We know this can be a tricky subject, so here’s a few small steps for tackling this huge issue:
1. Speak out against racism, big and small
It’s easy to go on record condemning the new wave of Neo-Nazism in America. It’s not as easy to speak up when your uncle makes a side comment about his new African American neighbors. Racism is most dangerous when it goes unnoticed. It’s all too convenient to shrug subtly racist comments from your friends and family aside and say “well, they didn’t mean it like that.” One ignorant side remark doesn’t make your uncle a violent racist, but it is indicative of a problematic outlook on race. You don’t have to start a family brawl, but even a gentle comment about how what was said may be offensive can encourage people to take a closer look at their thoughts and actions.
I’m not just talking about the big ones: presidential elections and the like. I’m talking about local elections. That’s where your vote really counts; where your voice is the loudest. Local government is also where prejudice rules and regulations go the most unnoticed. If you’re not old enough to vote, don’t worry! There are plenty of ways to get involved. So speak up, take a stand, and participate in your local politics.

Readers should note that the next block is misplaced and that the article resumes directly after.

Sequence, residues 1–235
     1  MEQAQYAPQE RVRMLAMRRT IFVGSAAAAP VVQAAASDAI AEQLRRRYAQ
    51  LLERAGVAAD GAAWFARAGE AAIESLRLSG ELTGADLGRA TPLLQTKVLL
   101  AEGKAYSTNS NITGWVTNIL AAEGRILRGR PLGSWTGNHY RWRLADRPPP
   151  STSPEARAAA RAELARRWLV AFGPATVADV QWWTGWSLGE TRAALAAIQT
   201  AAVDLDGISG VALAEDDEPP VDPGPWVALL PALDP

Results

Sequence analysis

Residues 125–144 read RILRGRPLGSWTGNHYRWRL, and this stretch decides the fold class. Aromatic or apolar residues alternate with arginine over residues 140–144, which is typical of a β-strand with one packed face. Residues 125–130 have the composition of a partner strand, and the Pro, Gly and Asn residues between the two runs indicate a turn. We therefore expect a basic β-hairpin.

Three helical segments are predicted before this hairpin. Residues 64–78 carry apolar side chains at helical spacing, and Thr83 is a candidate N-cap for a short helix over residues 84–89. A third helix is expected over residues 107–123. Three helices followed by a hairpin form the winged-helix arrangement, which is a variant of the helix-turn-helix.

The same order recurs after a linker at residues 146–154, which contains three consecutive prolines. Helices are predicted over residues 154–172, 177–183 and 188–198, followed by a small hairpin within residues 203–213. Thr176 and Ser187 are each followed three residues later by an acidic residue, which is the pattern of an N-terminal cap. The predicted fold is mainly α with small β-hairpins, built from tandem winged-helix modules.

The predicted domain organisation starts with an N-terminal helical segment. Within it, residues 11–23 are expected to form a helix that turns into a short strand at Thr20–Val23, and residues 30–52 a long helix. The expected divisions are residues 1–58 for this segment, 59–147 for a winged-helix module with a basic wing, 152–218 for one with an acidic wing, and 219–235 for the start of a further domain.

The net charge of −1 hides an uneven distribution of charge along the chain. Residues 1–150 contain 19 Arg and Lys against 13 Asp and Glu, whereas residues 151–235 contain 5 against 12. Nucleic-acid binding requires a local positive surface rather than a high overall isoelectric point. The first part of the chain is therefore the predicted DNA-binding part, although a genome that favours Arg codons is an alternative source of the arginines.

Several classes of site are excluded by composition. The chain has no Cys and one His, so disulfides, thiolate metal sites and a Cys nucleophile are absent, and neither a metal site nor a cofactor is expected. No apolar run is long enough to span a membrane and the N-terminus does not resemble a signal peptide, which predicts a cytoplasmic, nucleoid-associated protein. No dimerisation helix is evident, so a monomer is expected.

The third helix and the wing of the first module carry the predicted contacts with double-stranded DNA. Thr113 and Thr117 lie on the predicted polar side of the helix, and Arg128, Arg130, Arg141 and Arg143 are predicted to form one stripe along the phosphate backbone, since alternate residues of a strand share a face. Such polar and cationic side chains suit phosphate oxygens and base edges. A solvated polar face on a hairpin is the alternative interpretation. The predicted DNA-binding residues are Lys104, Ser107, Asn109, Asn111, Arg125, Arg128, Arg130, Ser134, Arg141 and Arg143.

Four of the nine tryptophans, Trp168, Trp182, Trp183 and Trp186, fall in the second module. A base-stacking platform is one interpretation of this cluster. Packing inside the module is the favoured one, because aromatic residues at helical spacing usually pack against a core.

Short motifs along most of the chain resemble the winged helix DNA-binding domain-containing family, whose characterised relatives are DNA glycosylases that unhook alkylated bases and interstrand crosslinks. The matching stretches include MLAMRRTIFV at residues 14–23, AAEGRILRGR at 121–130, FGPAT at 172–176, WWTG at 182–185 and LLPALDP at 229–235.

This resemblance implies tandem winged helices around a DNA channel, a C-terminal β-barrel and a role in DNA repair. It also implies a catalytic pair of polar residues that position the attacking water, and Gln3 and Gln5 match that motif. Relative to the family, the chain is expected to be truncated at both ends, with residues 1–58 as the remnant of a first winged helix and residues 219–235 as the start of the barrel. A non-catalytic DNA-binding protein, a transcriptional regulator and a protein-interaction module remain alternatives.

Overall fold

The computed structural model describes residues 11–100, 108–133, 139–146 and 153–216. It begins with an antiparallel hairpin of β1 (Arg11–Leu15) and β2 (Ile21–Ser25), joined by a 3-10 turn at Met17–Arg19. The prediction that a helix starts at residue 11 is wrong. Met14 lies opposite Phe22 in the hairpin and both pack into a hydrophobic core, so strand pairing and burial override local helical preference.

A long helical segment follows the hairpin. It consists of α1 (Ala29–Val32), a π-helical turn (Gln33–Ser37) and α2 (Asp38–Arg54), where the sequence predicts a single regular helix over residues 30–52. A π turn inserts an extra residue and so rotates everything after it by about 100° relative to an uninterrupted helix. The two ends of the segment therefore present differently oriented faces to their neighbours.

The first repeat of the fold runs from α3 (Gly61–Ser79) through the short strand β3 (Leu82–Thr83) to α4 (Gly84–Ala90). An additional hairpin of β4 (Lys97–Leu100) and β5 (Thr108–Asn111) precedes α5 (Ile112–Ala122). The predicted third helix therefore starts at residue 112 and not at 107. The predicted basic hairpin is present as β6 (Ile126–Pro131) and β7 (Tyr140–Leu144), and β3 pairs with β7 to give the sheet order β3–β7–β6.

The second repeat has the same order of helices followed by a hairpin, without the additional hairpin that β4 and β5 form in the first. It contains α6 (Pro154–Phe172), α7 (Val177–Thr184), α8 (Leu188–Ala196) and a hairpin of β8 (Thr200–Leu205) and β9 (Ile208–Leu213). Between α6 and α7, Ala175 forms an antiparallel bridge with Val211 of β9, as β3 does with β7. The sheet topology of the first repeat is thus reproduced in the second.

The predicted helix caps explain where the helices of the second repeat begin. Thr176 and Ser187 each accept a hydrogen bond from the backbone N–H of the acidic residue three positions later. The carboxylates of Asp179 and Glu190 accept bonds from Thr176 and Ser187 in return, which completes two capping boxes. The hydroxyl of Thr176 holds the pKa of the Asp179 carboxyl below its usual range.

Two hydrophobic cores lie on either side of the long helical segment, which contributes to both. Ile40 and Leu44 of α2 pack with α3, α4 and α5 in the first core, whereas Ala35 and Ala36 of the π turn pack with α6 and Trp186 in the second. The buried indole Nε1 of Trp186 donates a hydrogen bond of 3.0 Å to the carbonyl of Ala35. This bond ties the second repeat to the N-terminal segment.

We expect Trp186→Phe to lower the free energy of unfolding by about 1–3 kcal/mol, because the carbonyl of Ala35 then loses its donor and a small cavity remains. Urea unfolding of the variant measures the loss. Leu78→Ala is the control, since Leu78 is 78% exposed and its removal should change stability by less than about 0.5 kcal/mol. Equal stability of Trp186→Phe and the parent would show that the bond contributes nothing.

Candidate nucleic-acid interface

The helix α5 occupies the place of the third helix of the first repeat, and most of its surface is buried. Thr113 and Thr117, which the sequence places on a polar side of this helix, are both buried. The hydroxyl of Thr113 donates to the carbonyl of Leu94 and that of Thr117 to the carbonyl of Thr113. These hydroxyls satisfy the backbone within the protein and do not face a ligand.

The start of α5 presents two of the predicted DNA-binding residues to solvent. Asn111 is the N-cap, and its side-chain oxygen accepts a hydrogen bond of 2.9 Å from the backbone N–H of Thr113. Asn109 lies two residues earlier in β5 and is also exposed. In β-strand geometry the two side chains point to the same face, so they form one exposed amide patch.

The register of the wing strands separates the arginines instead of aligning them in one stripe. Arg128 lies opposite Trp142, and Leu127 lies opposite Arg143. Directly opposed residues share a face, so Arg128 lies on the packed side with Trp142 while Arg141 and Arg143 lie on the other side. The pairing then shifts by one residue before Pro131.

3. Don’t pretend to be colorblind
It may seem like claiming you don’t see race is a positive step in the direction of equality, but it’s actually completely the opposite. The only thing more ignorant than discriminating against people based on the color of their skin is pretending that color doesn’t matter at all. There’s so much more to race than racism. There’s culture, history, identity. Saying you don’t see color is willfully blinding yourself to the value that diversity brings to society. So, instead of turning a blind eye, acknowledge and respect all of the wonderful parts of what makes us different, as well as the humanity that makes us the same.
4. Start a dialogue
Talking about race can be uncomfortable. It’s complicated and delicate and intricate, but just because something is hard to talk about doesn’t mean we should stay silent. In fact, it’s probably most important to talk about racial issues when it makes us feel awkward. Ask questions. Get talking. Get uncomfortable.
5. Be self-aware
Nobody’s perfect. Just because you’re a believer in equality doesn’t mean you won’t sometimes have racist thoughts, or say racist things. I’m not talking the “I hate black people” kind of thing. I’m talking the “Did you know I dated a black girl in college” kind of thing. Fight the urge to get defensive when someone points out your prejudice. Instead, make a mental note to think about your subconscious racism and actively try to change it. White privilege is real. You are not exempt. Worry less about whether or not you seem racist and more about whether you actually are.
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